Congregants attending a virtual Easter service at Grace Baptist Church in San Jose, California were zoombombed with hateful antisemitic hate speech on the last day of Passover.
Zoombombing is when people join a Zoom video call with the intention of derailing it. This usually involves spewing antisemitic, racist, or otherwise hateful rhetoric.
One culprit can be heard saying: “F*** the f*****g Jews, man. Send Jews to the concentration camp and gas all the f*****g stinky Jews.”
The perpetrators also spouted several homophobic and racist slurs.
The church’s Senior Pastor, Reverend George Oliver, believed that the church was a target for racists owing to its particularly progressive nature.
Reverend Oliver said: “They had a purpose. This church hires a gay, black pastor…they come and spew profanity about black people and LGBTQ persons. And on the last day of Passover, talk about gassing Jews? So, I don’t think this is some kind of coincidence.”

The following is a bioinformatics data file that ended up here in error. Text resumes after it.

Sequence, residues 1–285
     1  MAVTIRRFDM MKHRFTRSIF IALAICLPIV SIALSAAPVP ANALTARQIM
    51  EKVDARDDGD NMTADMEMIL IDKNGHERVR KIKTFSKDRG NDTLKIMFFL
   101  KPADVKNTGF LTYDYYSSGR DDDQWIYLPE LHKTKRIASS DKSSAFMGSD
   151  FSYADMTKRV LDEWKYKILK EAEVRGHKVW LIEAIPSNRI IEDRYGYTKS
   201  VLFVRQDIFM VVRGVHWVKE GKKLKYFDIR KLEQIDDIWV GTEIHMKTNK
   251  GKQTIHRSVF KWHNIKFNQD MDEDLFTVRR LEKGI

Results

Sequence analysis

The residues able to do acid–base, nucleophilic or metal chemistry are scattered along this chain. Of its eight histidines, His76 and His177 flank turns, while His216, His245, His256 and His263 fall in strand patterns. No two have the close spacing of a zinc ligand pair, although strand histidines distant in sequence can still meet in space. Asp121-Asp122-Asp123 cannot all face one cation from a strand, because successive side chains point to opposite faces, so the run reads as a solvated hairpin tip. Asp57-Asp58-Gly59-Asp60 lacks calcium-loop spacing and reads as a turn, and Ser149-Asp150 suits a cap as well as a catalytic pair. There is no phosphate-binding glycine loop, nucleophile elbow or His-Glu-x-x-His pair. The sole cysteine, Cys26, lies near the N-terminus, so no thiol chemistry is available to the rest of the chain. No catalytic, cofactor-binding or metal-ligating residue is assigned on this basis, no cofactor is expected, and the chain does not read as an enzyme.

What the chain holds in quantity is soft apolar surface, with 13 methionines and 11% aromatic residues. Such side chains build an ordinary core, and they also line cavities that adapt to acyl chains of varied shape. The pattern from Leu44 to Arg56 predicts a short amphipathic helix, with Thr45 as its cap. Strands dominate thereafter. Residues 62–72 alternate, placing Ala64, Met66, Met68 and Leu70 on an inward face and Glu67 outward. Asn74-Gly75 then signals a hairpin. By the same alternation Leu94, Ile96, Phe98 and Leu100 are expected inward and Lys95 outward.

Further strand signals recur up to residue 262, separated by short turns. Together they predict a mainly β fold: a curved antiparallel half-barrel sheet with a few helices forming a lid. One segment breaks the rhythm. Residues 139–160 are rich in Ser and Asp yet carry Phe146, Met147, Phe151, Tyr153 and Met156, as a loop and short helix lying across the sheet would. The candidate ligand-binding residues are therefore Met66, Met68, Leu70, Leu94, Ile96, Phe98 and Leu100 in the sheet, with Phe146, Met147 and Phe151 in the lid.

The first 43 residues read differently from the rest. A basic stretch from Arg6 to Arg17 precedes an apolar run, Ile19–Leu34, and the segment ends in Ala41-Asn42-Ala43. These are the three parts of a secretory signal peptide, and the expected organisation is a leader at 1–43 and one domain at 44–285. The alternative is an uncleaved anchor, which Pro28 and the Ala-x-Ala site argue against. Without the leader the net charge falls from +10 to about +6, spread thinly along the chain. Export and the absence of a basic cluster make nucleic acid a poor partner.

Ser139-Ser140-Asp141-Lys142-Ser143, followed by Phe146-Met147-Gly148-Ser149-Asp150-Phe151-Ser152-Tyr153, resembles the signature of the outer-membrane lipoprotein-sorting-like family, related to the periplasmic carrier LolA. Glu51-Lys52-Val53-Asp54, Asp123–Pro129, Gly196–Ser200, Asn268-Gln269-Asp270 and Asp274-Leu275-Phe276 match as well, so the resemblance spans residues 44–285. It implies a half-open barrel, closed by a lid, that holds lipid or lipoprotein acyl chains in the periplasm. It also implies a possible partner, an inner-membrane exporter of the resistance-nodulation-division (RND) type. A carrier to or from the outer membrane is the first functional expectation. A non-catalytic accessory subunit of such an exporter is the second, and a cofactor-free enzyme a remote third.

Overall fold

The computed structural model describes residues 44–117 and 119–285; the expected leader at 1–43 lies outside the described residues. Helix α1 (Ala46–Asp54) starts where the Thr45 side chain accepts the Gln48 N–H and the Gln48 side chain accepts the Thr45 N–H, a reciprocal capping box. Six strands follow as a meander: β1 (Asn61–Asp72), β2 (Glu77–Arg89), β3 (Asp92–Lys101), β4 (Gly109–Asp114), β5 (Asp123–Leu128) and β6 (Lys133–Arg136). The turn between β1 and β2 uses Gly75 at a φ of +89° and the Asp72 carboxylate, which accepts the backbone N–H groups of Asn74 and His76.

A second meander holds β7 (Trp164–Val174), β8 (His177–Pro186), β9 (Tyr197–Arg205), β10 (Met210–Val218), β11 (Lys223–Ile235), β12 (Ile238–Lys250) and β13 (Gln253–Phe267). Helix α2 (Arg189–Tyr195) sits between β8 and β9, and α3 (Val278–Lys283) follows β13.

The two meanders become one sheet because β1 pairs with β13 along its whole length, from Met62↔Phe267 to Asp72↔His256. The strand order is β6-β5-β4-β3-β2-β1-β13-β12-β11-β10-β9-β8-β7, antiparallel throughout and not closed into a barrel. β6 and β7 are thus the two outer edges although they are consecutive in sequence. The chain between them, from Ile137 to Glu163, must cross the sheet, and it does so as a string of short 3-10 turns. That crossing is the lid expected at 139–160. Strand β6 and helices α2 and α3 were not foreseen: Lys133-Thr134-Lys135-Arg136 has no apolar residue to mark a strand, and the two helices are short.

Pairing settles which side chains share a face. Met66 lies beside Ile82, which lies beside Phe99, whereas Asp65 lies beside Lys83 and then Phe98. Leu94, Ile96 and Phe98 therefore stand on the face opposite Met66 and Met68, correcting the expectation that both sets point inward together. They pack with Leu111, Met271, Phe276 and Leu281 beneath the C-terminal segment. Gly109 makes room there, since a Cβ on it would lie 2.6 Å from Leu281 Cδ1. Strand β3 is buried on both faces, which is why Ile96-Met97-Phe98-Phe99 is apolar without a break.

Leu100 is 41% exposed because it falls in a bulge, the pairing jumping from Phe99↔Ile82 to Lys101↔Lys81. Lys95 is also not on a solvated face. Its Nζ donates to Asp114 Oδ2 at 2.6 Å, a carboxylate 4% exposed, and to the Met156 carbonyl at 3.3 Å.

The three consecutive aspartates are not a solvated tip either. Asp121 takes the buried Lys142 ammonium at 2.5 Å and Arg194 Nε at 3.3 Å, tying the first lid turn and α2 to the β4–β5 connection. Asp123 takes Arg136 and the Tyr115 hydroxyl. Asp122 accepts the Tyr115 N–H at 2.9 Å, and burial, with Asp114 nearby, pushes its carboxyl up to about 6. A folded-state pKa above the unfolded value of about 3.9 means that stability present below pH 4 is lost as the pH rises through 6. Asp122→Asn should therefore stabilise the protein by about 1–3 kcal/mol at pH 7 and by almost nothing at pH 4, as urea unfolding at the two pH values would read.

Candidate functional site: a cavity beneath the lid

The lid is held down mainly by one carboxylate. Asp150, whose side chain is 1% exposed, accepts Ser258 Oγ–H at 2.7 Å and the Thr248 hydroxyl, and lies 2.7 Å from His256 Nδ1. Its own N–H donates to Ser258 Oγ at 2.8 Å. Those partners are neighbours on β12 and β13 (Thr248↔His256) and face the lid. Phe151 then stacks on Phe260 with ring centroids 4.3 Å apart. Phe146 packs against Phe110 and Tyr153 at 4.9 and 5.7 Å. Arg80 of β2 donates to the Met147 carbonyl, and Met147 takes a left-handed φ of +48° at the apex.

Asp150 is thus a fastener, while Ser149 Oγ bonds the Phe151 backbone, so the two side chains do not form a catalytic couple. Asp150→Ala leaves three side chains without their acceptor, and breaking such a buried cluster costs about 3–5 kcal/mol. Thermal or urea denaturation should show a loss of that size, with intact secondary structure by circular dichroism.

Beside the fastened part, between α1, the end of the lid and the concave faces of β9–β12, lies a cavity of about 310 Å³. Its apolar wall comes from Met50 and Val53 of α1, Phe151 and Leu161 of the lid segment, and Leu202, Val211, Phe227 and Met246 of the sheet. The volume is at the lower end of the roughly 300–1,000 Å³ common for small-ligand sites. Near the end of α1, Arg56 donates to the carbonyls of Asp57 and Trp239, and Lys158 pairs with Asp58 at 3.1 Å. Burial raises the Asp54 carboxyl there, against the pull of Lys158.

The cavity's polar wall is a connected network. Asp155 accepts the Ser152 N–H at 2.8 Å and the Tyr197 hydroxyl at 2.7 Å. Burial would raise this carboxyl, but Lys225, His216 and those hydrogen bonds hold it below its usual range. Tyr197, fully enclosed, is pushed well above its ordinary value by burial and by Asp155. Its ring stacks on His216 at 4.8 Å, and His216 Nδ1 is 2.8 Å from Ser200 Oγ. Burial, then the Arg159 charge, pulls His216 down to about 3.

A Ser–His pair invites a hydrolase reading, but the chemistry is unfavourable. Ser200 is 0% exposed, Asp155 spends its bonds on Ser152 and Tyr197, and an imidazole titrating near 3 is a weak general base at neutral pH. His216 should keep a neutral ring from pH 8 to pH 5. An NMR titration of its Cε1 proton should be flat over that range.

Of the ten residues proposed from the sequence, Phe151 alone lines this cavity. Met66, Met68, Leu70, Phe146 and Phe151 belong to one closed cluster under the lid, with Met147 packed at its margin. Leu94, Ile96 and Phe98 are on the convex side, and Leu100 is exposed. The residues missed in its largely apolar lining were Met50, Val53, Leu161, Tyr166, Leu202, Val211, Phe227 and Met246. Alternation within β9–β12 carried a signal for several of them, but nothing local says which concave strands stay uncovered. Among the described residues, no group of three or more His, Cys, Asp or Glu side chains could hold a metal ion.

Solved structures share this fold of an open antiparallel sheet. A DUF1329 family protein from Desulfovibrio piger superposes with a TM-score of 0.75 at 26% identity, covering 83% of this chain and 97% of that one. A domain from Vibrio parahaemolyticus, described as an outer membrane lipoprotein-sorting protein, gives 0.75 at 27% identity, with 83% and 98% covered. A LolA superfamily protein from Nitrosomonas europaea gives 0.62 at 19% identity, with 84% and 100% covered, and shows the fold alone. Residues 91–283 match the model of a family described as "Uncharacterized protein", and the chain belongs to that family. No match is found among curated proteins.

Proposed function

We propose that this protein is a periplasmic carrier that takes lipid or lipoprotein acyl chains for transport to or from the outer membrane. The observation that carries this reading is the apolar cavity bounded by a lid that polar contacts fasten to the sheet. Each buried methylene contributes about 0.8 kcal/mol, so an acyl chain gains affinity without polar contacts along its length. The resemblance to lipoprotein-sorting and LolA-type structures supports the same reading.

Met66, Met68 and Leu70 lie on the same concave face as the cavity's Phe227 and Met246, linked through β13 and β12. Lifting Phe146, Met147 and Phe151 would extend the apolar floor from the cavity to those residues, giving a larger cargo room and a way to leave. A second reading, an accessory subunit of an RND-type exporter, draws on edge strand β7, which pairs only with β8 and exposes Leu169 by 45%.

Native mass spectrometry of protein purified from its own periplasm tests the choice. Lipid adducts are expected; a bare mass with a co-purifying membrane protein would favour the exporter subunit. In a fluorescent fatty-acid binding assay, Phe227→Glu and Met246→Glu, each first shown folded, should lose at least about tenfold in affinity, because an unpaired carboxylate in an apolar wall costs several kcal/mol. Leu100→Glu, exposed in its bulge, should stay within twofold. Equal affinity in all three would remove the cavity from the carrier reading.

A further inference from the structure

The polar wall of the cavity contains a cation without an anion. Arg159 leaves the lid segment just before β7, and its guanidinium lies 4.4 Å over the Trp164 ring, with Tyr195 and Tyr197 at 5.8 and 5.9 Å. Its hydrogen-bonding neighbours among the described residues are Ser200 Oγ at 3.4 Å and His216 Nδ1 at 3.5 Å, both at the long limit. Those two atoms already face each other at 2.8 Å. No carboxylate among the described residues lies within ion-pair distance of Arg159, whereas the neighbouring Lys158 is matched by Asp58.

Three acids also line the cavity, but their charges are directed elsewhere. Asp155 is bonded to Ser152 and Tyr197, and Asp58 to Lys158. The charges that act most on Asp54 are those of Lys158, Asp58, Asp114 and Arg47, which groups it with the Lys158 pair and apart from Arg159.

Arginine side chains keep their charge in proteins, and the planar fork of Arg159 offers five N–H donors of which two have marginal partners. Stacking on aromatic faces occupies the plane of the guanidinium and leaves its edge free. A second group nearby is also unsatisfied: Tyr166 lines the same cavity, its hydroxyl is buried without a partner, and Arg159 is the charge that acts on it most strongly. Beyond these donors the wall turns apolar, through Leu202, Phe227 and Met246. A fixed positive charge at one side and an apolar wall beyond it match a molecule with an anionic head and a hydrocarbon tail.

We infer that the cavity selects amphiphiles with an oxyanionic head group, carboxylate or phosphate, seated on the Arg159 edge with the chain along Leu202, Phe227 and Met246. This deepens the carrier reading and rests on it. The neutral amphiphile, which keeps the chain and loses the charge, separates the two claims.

He added: “It was vile and repugnant. Not only was it Easter, which is the highest of holidays for the Christians, it was the last day of Passover. It was also the day that Martin Luther King, Jr. was assassinated.”
A spokesman for Zoom reportedly said: “We have been deeply upset to hear about these types of incidents, and Zoom strongly condemns such behaviour. We have recently updated a number of default settings and added features to help hosts more easily access in-meeting security controls, including controlling screen sharing, removing and reporting participants, and locking meetings, among other actions. We have also been educating users on security best practices for setting up their meetings, including recommending that users avoid sharing private meeting links and passwords publicly on websites, social media, or other public forums, and encouraging anyone hosting large-scale or public events to utilize Zoom’s webinar solution.
“We are committed to maintaining an equal, respectful and inclusive online environment for all our users. We take meeting disruptions extremely seriously and where appropriate, we work closely with law enforcement authorities. We encourage users to report any incidents of this kind to Zoom and law enforcement authorities so the appropriate action can be taken against offenders.”
Campaign Against Antisemitism has previously reported on the phenomenon of ‘Zoom bombing’ and has urged communal institutions to take precautions to safeguard against antisemitic disruption of online events.